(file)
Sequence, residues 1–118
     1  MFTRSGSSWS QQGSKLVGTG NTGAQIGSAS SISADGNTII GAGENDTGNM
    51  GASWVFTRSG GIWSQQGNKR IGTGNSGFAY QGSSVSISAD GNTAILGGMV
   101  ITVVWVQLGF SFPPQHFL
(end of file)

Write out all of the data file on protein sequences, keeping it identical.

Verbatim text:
Sequence, residues 1–118
     1  MFTRSGSSWS QQGSKLVGTG NTGAQIGSAS SISADGNTII GAGENDTGNM
    51  GASWVFTRSG GIWSQQGNKR IGTGNSGFAY QGSSVSISAD GNTAILGGMV
   101  ITVVWVQLGF SFPPQHFL